Here’s a follow-up on a West Virginia case that I discussed some time ago. (I’ll run through the facts here quickly, but you can go back and read the earlier discussion, too. There are some good links to contemporary news coverage there.) The case was decided by the West Virginia Supreme Court on Friday. You can read the actual opinion here.
On December 8, 2007, a child (here called BCG) was born to a drug-addicted mother. The state took custody of the child and, on December 24, placed her in the home of Kathryn Kutil and Cheryl Hess. Kutil and Hess, a lesbian couple, had been approved for both foster care and adoption.
BCG still lives with Hess and Kutil. In November 2008, however, a lower court ordered the child removed from the home. In its opinion, the judge stated:
The Court FINDSthat children need both mother and father and that avenues to such a result should at the least be explored by the DHHR. The Court FINDSthat untraditional family settings should not be the first and only route taken by the DHHR when searching for a permanent/adoptive placement for a child
The lower court then ordered that BCG be removed from the only home she had ever known despite evidence that the child was doing perfectly well in that “untraditional” environment, and without concern for the potential consequences of disrupting the child’s connections with the women who had cared for her.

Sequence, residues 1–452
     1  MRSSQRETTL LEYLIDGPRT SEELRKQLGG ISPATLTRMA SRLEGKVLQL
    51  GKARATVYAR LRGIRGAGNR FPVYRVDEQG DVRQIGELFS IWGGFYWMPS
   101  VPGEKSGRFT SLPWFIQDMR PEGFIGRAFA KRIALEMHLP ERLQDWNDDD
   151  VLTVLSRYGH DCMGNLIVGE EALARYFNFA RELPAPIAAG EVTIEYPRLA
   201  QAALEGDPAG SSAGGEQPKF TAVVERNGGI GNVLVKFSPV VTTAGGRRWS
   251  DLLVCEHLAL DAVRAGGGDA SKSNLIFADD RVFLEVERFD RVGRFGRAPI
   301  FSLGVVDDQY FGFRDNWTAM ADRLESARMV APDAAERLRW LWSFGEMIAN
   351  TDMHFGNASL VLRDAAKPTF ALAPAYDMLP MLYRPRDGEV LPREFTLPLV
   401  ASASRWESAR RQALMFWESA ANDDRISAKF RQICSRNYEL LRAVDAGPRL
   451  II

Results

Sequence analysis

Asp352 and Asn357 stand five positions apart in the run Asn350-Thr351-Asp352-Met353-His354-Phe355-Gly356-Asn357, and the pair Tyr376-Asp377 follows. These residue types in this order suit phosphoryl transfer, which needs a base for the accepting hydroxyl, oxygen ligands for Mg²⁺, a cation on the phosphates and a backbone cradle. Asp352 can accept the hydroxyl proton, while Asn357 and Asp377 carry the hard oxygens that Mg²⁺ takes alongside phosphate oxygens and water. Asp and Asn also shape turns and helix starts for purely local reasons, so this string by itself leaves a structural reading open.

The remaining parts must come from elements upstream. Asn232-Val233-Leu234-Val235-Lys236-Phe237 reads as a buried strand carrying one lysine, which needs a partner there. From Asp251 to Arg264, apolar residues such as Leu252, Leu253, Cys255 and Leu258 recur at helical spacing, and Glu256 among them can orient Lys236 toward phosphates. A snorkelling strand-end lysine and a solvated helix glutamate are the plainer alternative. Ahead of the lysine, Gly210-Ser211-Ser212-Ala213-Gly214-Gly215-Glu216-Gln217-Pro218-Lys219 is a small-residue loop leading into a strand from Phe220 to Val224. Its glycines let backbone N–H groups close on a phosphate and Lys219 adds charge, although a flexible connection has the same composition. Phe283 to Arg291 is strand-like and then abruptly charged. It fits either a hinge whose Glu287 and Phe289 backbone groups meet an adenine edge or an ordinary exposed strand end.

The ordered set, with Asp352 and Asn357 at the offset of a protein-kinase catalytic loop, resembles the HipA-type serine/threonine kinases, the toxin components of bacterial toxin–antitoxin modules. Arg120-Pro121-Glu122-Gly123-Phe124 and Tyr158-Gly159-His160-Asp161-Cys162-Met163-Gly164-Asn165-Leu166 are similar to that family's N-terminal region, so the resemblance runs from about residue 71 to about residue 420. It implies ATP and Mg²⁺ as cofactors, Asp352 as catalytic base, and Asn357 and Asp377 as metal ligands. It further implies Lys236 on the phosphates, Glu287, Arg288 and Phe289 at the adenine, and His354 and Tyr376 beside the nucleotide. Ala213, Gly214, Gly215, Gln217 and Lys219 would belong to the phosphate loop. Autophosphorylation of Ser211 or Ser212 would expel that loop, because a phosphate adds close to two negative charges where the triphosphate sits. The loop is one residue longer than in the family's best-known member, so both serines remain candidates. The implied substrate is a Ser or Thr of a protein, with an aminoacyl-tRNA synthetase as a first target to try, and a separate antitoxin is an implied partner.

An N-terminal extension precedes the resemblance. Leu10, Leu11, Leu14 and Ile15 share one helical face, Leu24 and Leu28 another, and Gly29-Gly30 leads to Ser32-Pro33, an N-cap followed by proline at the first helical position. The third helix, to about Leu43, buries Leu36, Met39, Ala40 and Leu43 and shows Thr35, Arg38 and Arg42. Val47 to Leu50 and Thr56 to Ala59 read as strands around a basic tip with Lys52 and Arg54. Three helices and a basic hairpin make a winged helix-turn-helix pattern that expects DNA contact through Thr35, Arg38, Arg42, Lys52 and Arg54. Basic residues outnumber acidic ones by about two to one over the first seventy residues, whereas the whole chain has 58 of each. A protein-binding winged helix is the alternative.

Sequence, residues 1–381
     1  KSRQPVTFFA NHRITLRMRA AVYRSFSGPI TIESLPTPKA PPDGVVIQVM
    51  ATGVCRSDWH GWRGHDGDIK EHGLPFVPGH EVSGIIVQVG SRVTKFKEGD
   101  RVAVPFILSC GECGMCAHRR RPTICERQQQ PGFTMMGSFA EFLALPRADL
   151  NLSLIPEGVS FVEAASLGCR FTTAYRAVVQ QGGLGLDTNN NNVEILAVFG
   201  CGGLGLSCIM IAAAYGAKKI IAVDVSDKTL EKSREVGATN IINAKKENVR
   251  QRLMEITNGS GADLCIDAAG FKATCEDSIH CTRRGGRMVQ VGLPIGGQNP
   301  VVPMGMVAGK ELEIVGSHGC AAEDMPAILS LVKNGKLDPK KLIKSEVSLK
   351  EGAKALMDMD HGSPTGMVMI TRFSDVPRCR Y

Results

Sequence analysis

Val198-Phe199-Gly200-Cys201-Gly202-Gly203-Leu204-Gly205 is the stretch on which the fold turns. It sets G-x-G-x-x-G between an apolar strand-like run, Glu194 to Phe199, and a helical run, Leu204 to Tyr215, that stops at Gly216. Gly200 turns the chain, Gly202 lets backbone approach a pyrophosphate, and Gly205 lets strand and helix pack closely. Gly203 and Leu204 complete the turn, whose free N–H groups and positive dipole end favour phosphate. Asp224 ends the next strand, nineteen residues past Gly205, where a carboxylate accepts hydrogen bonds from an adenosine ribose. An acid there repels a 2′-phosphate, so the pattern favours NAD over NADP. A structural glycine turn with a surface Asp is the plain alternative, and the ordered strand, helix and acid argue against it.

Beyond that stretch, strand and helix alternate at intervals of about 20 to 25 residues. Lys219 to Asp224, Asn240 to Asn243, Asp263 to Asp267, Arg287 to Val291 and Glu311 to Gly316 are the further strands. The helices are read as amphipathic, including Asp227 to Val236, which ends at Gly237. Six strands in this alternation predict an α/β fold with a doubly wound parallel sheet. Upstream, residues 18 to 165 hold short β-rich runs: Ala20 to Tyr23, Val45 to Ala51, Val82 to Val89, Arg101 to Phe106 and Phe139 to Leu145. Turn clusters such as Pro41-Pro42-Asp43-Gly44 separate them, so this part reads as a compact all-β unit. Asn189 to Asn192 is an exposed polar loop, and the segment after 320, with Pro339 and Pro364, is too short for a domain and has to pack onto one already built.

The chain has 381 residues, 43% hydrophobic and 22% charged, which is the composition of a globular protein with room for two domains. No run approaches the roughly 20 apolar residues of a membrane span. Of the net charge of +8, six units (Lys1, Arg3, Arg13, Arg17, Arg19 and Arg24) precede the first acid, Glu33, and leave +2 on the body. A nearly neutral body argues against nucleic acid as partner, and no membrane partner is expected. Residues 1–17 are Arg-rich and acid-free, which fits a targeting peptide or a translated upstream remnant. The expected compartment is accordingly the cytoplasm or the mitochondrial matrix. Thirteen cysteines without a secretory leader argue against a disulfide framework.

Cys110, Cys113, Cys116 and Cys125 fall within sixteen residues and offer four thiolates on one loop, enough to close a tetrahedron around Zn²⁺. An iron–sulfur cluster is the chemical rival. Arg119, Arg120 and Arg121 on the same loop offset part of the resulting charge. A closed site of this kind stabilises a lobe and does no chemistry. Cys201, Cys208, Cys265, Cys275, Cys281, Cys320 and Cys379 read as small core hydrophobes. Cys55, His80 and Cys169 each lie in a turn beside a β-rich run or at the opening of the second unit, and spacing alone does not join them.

The West Virginia Supreme Court reversed this decision last Friday, holding that under the circumstances the child should remain where she is. It concluded that the trial judge’s general preference for a mother/father family was unjustified in law in West Virginia and could not override the considerations of the best interest of the particular child in question. Given the complete lack of any evidence that BCG’s interests would be served by moving her out of her home, the lower court’s ruling could not stand.
There are two critical things that the court says in its opinion. First, without evidence that there is a problem with the placement, there is no basis to remove BCG from the only home she’s known. That reflects, I think, a commitment to determining the best interests of the specific child at issue.
Second, there is no general preference for married heterosexual couples in West Virginia. And again, this is rooted in the well-being of the individual child which, in the view of court, must be the primary concern. If a child’s best interest is served by being with a lesbian couple, as is the case here, then that’s the result the court must reach.
Unfortunately, under West Virginia law, Kutil and Hess cannot jointly adopt the child. That’s because West Virginia is one of those states that does not permit both members of an unmarried couple to adopt. (There are a number of variations on this policy out there among the states.) It’s okay that the adoptive parent is part of an unmarried couple, but the child cannot have both members of the couple as legal parents. Thus, either Hess or Kutil could adopt BCG, just not both of them.
That in itself is a problematic result. BCG has, in fact, two parents. The court has recognized the actual configuration of her family. But there is apparently no way, at least right now in West Virginia, for that family to be granted full legal recognition.
There are some other worthwhile points to make, but I’m going to have to safe those for tomorrow.